* CONTAINS SPOILERS
Jackie and Paula move to a small town in the hopes of providing a quiet life for their three foster children: Quinn, Armando and Star. However, a new location has not tamed rebellious Star’s attitude towards her new foster family and her arguments with Jackie regularly upset the household. Not long after they move in, Jackie notices Star crossing the road to see a poorly kept horse on the neighbour’s property. Star is immediately accosted by surly Clementine, the woman who owns the horse and believes Star is violating her privacy. Jackie rushes over to apologize, but bristles at the rudeness of their new neighbour, concluding that Clementine is the type of person they need to avoid. In turn, Clementine doesn’t know what to make of this unconventional family, but doesn’t have much time to think about it because her husband suddenly leaves her, fed up after years of putting up with her negativity. Clementine plunges into a dark hole of shock and loneliness, but when Star runs away with the horse, she and Jackie’s family are forced to put aside their differences and help each other get through the dark days ahead of them.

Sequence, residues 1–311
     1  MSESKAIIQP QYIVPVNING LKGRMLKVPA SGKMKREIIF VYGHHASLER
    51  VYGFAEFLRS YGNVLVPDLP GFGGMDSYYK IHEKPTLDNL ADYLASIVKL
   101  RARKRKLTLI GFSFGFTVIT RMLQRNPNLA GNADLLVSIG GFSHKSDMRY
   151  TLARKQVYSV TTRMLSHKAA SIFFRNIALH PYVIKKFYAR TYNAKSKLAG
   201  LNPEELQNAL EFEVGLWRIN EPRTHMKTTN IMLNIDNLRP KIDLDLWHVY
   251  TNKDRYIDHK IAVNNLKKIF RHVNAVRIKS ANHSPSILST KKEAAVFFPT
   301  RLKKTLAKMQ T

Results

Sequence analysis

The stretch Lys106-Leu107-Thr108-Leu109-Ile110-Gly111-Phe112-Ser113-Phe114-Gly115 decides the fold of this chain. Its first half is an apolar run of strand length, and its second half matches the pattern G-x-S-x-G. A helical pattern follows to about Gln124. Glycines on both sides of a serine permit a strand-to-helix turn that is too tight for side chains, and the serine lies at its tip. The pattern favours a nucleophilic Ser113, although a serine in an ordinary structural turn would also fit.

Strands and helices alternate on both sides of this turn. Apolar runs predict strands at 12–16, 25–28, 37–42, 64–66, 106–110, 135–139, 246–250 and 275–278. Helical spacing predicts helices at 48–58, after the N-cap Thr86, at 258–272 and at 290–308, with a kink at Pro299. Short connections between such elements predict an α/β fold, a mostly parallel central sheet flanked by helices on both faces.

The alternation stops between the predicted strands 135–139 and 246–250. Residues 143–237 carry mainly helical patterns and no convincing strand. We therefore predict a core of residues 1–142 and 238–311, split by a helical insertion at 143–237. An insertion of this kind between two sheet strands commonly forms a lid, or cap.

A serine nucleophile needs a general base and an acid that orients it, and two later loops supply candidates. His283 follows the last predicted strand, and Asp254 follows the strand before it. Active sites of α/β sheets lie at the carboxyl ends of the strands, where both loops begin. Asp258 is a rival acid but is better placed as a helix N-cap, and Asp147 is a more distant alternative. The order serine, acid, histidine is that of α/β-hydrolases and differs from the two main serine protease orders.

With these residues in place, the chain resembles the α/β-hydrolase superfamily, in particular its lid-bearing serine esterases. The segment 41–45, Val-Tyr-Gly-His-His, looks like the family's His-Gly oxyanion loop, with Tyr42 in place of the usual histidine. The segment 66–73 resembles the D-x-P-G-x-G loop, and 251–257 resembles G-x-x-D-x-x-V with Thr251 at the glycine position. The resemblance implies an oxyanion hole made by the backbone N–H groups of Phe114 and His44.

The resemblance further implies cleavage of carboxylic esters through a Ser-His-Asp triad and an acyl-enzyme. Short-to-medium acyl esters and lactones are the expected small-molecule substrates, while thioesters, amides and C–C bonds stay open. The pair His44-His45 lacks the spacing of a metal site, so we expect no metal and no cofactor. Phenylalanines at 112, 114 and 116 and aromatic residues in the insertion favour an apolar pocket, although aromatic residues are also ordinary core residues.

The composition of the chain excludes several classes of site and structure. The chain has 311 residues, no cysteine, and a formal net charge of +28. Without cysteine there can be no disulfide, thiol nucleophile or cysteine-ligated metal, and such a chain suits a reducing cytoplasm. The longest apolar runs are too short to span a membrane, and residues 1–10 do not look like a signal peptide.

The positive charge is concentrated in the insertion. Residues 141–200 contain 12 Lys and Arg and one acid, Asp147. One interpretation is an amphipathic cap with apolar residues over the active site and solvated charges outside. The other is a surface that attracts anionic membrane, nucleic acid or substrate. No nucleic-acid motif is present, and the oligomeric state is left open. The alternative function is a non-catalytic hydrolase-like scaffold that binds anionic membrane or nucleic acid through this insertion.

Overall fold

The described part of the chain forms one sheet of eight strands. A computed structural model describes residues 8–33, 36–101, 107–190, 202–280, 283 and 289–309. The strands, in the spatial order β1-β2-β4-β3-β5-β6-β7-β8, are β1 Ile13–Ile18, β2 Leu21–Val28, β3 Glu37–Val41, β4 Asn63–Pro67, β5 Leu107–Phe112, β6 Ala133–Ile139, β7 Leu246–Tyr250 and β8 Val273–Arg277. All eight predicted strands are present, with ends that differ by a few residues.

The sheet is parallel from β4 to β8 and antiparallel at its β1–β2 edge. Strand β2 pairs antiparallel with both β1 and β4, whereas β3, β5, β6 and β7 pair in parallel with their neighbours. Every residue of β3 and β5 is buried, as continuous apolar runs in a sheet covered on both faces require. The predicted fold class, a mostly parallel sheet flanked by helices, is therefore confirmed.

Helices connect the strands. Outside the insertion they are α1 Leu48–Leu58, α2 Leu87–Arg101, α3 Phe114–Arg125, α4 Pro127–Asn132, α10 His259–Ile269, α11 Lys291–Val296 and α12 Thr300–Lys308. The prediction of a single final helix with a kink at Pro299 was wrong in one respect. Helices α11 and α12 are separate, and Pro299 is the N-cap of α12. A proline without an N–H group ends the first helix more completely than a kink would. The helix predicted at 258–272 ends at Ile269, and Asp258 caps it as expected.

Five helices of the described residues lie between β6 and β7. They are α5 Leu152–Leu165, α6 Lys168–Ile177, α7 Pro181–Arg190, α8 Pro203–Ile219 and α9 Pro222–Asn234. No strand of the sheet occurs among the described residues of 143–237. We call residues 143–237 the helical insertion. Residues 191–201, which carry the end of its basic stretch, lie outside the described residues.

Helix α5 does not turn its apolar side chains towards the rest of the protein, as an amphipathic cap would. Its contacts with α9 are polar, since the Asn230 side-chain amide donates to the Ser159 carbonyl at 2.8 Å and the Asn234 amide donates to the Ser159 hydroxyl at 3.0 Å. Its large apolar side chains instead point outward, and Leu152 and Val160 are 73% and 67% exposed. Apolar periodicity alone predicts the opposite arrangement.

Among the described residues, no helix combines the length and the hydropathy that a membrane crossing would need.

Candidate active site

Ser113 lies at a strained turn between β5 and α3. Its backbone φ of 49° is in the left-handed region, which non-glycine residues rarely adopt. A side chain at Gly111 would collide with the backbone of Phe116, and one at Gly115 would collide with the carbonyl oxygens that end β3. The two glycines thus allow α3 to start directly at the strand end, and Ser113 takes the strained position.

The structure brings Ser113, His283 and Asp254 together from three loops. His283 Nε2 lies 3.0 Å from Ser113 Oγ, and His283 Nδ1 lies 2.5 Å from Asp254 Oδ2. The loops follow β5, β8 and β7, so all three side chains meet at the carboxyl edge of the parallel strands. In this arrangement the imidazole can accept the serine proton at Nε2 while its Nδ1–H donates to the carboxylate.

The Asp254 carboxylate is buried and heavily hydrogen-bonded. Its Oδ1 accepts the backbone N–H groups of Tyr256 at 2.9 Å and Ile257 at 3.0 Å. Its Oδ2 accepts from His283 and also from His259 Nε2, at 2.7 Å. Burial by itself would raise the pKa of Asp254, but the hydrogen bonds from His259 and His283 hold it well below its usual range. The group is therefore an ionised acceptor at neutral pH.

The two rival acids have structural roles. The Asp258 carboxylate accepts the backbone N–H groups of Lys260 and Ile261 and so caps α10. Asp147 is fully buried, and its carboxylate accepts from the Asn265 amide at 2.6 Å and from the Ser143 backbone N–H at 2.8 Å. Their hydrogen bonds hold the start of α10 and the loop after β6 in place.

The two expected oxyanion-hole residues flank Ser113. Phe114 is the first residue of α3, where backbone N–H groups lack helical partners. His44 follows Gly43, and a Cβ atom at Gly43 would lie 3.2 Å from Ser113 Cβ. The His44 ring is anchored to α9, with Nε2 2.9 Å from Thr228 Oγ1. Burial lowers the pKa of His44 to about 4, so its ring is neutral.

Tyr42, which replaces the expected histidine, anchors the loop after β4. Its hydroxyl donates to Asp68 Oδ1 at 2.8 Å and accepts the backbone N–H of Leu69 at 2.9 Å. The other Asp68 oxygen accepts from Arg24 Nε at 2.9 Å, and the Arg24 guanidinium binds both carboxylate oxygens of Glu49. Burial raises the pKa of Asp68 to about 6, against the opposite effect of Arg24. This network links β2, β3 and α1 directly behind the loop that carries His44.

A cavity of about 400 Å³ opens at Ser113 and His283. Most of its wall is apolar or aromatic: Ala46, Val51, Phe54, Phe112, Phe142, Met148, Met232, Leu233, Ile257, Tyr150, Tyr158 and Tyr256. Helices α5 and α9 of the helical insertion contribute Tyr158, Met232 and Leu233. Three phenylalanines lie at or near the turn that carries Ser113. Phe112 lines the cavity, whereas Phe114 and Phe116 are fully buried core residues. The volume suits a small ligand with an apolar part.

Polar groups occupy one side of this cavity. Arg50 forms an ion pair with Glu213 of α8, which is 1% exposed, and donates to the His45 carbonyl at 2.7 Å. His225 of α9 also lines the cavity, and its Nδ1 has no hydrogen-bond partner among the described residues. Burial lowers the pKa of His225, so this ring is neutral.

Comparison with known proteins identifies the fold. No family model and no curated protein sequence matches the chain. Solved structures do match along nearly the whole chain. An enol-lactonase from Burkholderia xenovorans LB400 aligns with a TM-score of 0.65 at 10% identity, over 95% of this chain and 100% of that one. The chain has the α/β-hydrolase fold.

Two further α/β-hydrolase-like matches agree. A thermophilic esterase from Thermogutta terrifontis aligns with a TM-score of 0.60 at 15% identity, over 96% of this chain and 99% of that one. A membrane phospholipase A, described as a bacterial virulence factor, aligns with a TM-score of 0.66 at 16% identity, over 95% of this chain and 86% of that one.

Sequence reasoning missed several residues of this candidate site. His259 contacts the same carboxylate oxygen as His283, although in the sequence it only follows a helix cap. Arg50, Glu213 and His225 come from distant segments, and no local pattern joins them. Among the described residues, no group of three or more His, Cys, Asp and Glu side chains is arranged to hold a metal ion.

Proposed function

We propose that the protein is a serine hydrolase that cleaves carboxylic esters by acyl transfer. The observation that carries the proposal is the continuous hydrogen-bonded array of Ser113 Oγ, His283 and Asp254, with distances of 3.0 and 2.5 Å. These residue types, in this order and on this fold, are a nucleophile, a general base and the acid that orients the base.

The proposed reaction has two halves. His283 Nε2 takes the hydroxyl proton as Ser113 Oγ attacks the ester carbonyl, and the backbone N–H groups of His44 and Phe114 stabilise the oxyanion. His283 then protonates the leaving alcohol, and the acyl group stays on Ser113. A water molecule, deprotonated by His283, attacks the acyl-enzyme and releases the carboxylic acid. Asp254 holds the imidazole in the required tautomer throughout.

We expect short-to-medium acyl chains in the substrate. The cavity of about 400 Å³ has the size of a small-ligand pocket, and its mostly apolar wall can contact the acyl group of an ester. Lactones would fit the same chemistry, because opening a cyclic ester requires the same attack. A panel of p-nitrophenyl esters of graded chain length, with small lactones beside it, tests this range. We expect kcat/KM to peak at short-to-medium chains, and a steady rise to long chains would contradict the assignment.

The biggest thing The Language of Hoofbeats has going for it is solid, believable characters. The book alternates between Jackie and Clementine’s point of view, so readers spend the whole book in their heads becoming very familiar with their hopes and fears, biases and weaknesses. I found the self-deprecation by Jackie and Clementine funny and endearing, and grew to like both characters. I also thought the manner in which both characters work out their prejudices and try to be more mindful of their actions was very convincing.
The Language of Hoofbeats is a fairly straightforward story with no twists or surprises, so it’s not the most riveting read. However, since I liked the two main characters, I was invested in what happened to them.
Although it would be easy to call this book “heart-warming” and “feel good”, The Language of Hoofbeats simply can’t be dismissed as a sentimental family drama. Without weighing down on the reader, the story explores prejudice of various kinds, and what can happen when you drop preconceptions and allow people into your life instead of rejecting them. For what I consider a light read, the story has substance and well-developed main characters that make you believe even the most stubborn people can change.
The Language of Hoofbeats by Catherine Ryan Hyde is currently on tour with TLC Book Tours and I received a copy of the book in exchange for my honest review.